While most Americans are aware of the importance of the health of their hearts and blood pressure, another vital part of the body is often ignored: the brain. According to a survey by the Alzheimer's Association, older Americans rank memory deterioration as their second greatest health worry, yet only half are doing anything to prevent it.

Alzheimer's disease is the most common form of dementia. Though no one knows what causes it, its progress is marked by a build-up of plaque that damages brain cells and slows cognitive connections. At 4.5 million, the number of people with Alzheimer's has more than doubled since 1980. Experts believe that, absent a medical breakthrough, the number will triple by 2050.

The good news is that every day, new information reveals that controllable factors like diet and exercise may make a big difference in whether or not someone develops dementia. Because of this, the Alzheimer's Association started an educational campaign to promote 10 ways to maintain brain health.

Since it turns out that what is good for the heart is also good for the brain, most of the tips are familiar, such as exercising regularly and not smoking. Another tip encourages people to turn off the TV and "exercise" their brains by reading, doing puzzles, or learning new skills. Increasingly, health professionals are encouraging people to eat low-fat diets for their brains. In fact, a new study shows that a diet high in saturated fats may hamper the brain's ability to fight the build-up of plaque associated with Alzheimer's.

Another study by the UCLA found that Alzheimer's patients have a lower- than-normal production of the enzyme, IDE, which breaks down the amyloid- beta peptides that create the destructive plaque; mice on a high-fat diet did not produce as much IDE as other mice. The study also established a link between insulin signaling in the brain and the production of IDE. This may explain why people with Type 2 diabetes, with its lower insulin production, have a higher risk of developing Alzheimer's. This, at the same time, points to a possible treatment. "Since insulin's action in the brain increased IDE levels, it may be possible to prevent or even reverse Alzheimer's disease by boosting insulin activity," Dr. Greg Cole, who headed the study, told Reuters Health.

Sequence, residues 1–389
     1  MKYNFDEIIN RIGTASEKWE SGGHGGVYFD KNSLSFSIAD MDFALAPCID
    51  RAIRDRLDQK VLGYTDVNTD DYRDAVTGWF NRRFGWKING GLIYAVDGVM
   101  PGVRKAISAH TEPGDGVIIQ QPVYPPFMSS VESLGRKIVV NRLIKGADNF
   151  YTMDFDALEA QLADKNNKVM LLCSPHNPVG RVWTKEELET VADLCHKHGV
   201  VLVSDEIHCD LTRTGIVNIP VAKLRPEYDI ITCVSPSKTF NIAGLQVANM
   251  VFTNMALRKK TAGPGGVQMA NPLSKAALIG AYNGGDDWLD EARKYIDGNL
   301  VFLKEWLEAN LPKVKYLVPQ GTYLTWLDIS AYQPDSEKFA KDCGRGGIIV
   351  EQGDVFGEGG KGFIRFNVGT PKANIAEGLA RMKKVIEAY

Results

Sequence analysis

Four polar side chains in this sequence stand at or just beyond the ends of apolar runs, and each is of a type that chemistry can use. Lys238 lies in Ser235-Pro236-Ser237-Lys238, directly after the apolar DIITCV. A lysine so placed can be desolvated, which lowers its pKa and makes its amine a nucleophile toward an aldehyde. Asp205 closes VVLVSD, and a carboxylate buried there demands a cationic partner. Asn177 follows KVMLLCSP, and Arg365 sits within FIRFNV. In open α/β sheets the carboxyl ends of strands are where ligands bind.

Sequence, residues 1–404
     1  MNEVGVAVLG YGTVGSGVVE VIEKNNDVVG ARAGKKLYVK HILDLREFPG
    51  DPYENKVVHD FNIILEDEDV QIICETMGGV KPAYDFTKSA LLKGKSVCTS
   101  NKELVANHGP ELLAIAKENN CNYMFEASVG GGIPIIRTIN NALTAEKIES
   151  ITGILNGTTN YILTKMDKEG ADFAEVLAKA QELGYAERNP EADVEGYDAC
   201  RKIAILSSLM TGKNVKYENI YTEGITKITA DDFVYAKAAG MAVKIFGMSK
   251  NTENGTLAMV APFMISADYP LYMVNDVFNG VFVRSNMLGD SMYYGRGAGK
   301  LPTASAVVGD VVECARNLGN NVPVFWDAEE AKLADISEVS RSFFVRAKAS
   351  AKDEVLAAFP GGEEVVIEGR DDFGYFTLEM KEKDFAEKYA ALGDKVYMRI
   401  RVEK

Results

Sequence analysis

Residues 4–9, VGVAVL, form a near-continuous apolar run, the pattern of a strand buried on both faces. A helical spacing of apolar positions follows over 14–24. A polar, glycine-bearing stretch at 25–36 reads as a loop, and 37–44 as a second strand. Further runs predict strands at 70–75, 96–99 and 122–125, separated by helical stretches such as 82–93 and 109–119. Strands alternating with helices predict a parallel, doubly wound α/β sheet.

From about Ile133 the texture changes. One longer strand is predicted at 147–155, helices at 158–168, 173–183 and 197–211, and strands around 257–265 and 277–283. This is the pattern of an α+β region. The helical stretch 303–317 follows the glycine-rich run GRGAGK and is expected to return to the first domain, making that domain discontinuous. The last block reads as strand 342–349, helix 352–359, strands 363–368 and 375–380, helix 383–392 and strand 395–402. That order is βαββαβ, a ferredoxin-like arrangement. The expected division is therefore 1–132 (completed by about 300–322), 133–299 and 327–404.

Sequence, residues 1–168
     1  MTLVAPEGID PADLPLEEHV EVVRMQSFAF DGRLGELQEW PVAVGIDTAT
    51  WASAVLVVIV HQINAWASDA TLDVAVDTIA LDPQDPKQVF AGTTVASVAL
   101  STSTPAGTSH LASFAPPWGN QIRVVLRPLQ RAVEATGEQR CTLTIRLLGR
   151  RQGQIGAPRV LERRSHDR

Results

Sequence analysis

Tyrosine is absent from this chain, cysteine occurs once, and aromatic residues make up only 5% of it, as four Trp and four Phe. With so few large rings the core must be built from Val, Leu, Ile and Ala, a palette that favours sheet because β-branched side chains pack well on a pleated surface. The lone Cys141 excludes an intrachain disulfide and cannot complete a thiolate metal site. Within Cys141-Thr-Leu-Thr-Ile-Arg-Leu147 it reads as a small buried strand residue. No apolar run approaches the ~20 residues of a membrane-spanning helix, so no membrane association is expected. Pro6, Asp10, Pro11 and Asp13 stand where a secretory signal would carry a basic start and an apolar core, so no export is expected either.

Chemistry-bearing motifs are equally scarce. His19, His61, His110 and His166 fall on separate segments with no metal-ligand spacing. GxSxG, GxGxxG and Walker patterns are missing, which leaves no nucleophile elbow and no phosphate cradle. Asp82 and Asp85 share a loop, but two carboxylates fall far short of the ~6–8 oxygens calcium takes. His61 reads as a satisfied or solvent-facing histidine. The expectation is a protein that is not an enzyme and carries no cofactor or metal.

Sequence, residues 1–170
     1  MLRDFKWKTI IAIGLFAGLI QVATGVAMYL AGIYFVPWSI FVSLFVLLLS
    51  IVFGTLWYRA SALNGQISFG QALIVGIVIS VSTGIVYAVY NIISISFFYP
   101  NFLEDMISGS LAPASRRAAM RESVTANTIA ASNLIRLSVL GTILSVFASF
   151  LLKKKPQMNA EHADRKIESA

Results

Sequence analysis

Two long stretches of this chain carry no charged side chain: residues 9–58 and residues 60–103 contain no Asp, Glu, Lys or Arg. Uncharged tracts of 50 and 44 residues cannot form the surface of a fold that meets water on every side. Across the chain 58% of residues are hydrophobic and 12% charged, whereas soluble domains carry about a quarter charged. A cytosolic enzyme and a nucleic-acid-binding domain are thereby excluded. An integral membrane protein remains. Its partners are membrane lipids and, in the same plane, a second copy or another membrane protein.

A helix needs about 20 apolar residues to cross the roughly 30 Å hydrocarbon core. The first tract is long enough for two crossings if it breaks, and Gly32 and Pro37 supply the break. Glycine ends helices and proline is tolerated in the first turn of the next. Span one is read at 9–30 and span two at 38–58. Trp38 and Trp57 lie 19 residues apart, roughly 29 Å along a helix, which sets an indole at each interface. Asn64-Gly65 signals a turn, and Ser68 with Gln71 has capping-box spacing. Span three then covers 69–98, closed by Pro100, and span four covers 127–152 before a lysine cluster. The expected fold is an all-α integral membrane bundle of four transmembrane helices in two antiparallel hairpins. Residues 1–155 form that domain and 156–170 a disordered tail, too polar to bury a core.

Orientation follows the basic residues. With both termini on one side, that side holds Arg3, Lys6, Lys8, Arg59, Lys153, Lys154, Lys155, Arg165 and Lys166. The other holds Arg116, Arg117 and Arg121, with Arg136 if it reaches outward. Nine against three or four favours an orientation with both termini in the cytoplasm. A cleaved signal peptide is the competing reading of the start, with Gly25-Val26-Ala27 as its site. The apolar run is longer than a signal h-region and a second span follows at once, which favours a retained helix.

The UCLA study is just one of many connecting fat intake and brain deterioration. Research by the Medical University of South Carolina linked trans-fat to slower cognitive functions. Trans-fat, found in many processed foods, is liquid oil turned by a chemical process into longer-lasting solid fat. Rats on a trans-fat diet learned more slowly and made more errors in a water-filled maze than those on a soybean-oil diet. Their brains were also physically damaged in areas associated with learning and memory.

Some fats, on the other hand, are "brain lubricants," such as omega-3 fatty acids that occur in fish. Omega-3 is thought to suppress the inflammation of delicate brain cells, and research in the late 90s proved that its ingestion decreases the risk of cognitive decline. It may also help a common problem where brain cells stop signaling each other as people age.

Just this month, researchers at the University of Iowa made a breakthrough by preventing them from developing a hereditary brain disease. To that end, the scientists injected the mice with a genetic fragment that switched off the gene causing the disease.

Of course it will take some years before concrete and applicable treatments are on the table--especially with the laborious approval process currently used by the FDA--but the prospects are more than promising. In the meantime, don't forget to do the crossword puzzle in your newspaper every day.



"I have wondered at times what the Ten Commandments would have looked like if Moses had run them through the U.S. Congress."

--Ronald Reagan


Posted 12-13-2004 10:29 PM by Doug Casey
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